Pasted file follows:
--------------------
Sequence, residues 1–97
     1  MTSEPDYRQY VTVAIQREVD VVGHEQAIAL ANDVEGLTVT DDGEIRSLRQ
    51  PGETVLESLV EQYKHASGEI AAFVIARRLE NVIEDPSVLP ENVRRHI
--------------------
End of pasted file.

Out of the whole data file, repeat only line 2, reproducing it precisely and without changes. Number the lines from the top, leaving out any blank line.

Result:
     1  MTSEPDYRQY VTVAIQREVD VVGHEQAIAL ANDVEGLTVT DDGEIRSLRQ